Loppa (Northern Sami: Láhppi and Kven: Lappea) is a municipality in Troms og Finnmark county, Norway. The administrative centre of the municipality is the village of Øksfjord. Other villages in Loppa include Andsnes, Bergsfjord, Langfjordhamn, Loppa, Nuvsvåg, Øksfjordbotn, Sandland, and Sør-Tverrfjord.

Loppa kommune

Láhpi suohkan
Lappean komuuni
View of the village of Øksfjord
View of the village of Øksfjord
Flag of Loppa kommune
Flag
Official logo of Loppa kommune
Troms og Finnmark within
Norway
Loppa within Troms og Finnmark
Loppa within Troms og Finnmark
Coordinates: 70°14′22″N 22°20′55″E / 70.23944°N 22.34861°E / 70.23944; 22.34861Coordinates: 70°14′22″N 22°20′55″E / 70.23944°N 22.34861°E / 70.23944; 22.34861
CountryNorway
CountyTroms og Finnmark
DistrictVest-Finnmark
Established1 Jan 1838
Administrative centreØksfjord
Government
 • Mayor (2019)Stein Thomassen (Ap)
Area
 • Total688.88 km2 (265.98 sq mi)
 • Land670.94 km2 (259.05 sq mi)
 • Water17.94 km2 (6.93 sq mi)  2.6%
Area rank167 in Norway
Population
 (2020)
 • Total888
 • Rank342 in Norway
 • Density1.3/km2 (3/sq mi)
 • Change (10 years)
-18.3%
Demonym(s)Loppværing[1]
Time zoneUTC+01:00 (CET)
 • Summer (DST)UTC+02:00 (CEST)
ISO 3166 codeNO-5432
Official language formBokmål[2]
Websiteloppa.kommune.no

The 689-square-kilometre (266 sq mi) municipality is the 167th largest by area out of the 356 municipalities in Norway. Loppa is the 342nd most populous municipality in Norway with a population of 888. The municipality's population density is 1.3 inhabitants per square kilometre (3.4/sq mi) and its population has decreased by 18.3% over the previous 10-year period.[3][4]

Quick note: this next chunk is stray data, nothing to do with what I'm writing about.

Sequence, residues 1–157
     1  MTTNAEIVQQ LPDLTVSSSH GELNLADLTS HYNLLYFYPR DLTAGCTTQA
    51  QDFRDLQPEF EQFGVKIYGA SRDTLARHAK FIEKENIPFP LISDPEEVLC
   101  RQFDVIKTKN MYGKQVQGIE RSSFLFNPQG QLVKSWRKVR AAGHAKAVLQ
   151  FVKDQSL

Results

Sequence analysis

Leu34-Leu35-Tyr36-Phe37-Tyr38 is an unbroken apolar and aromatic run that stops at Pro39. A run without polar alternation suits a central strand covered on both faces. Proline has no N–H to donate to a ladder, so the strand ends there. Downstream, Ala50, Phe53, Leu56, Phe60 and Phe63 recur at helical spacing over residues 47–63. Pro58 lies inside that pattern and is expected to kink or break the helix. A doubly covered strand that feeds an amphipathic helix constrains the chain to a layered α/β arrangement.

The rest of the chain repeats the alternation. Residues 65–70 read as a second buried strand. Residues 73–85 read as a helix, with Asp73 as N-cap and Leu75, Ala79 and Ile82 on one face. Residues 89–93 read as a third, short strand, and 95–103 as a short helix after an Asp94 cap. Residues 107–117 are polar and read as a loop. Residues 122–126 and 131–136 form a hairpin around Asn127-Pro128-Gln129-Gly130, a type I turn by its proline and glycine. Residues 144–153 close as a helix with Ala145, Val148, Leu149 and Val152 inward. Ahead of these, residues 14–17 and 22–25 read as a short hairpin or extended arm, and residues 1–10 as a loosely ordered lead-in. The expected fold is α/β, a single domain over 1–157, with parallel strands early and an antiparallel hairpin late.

Most people live in the village of Øksfjord, but smaller communities are spread out along the shores and islands, notably Nuvsvåg, Sandland, Bergsfjord, Brynilen, and the island of Loppa. This island was previously the administrative centre of the municipality (hence the name). There is no airport, but Øksfjord is a port of call for the Hurtigruten boats.

General informationEdit

 
View of the village of Bergsfjord
 
View near Øksfjord

The municipality of Loppa was established on 1 January 1838 (see formannskapsdistrikt). In 1858, the northern part of Loppa on the island of Sørøya and most of Loppa on Stjernøya (population: 506) was separated to form the new municipality of Hasvik. This left Loppa with 801 residents. The borders of the municipality have not changed since that time.[5]

On 1 January 2020, the municipality became part of the newly formed Troms og Finnmark county. Previously, it had been part of the old Finnmark county.[6]

NameEdit

The municipality is named after the island of Loppa (Old Norse: Loppa), since it was the former centre of the municipality and the first church (Loppa Church) was located there. The meaning of the name is uncertain, however it is mentioned to be of Norse origin.[7] Historically, the name was spelled Loppen.[8][9]

Coat of armsEdit

The coat of arms is from modern times; they were granted on 19 December 1980. The arms show a great black cormorant on a gold background. The cormorant was chosen as a symbol since the municipality has several typical fishing villages which often attract cormorants.[10]

ChurchesEdit

The Church of Norway has one parish (sokn) within the municipality of Loppa. It is part of the Alta prosti (deanery) in the Diocese of Nord-Hålogaland. In the medieval ages Loppa was its own parish, with traces after an old church in the fishing village of Yttervær, on the island Loppa.

Churches in Loppa
Parish (sokn) Name Location Year built